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The Resource Center Identity Theft & Protection | article

While Attempting to Start a New Career, a Vermont Woman Became a Victim of Identity Theft

Every woman wants to feel beautiful, and many turn to the experts to tell them how they can make their dream look a reality. These style professionals may be fashion consultants, make-up artists or even salespeople for your favorite brands. In most cases, these stylists find great joy out of helping someone look and feel like a supermodel. However, even in the world of fashion and beauty, there are some who are not in the industry to help others. In fact, even gorgeous people can turn out to be petty criminals.

An opportunity too good to be true
One Vermont woman learned the hard way that looks aren't everything when the person she trusted to help her build a career selling makeup turned out to be an identity thief. After attending a gathering in the summer of 2008 sponsored by a famous makeup company, this woman had decided she wanted to pursue life as a sales consultant.

Looks can be deceiving
She approached the representative who had organized the gathering to discuss a possible job with the company. Jessica Hood, a 22-year-old Vermont native, was the consultant that this victim had hoped could guide her in the right direction. Hood told the woman that she could help her get into the field of makeup sales, saying that all she needed to do was provide Hood with some personal information to start the application process. This should've been a red-flag for the victim, who willingly gave Hood enough personal information for the consultant to open up accounts in the woman’s name, and ruin her credit score.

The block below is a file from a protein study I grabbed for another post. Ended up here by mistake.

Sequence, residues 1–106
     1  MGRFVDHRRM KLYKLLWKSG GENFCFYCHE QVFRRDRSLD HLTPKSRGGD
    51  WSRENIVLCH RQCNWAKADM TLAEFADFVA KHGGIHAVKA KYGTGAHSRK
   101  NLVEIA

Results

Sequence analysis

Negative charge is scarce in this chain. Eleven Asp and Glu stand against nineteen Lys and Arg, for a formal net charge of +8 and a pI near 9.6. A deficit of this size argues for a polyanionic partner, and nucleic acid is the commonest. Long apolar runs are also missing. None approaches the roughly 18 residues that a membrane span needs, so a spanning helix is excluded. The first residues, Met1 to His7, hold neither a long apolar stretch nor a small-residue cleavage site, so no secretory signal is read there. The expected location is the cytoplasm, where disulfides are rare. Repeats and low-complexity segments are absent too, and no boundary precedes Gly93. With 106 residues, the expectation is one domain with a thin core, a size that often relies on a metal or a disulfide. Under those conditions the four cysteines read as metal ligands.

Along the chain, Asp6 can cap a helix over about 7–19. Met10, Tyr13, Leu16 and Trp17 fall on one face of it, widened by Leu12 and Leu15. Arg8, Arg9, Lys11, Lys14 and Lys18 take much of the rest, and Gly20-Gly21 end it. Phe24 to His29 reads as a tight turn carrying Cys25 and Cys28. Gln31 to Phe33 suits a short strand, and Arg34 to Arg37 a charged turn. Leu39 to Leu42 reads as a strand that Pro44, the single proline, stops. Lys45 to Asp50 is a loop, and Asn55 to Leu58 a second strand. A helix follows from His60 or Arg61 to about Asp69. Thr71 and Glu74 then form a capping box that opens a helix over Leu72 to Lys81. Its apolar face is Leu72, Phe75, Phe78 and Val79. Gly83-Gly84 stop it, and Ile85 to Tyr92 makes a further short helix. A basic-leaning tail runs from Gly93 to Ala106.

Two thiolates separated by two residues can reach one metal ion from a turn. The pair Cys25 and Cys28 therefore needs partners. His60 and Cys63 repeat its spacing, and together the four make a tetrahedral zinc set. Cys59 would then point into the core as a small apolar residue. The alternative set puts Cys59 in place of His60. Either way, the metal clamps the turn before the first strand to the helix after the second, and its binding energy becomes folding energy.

Instead of a bright future, the victim faced financial ruin
The victim only found out about the identity theft after she was contacted by a debt collection agency, informing her that she owed several banks and stores thousands of dollars. After the woman contacted authorities, a month-long investigation took place to determine who was making a mess of the victim's credit report.

By the time authorities figured out what had happened, Hood had already done enough damage to the woman's credit score that would prevent her from doing any kind of borrowing for a long time. Had the victim been enrolled in a credit monitoring service, she may have been able to stop Hood before she caused too much harm.

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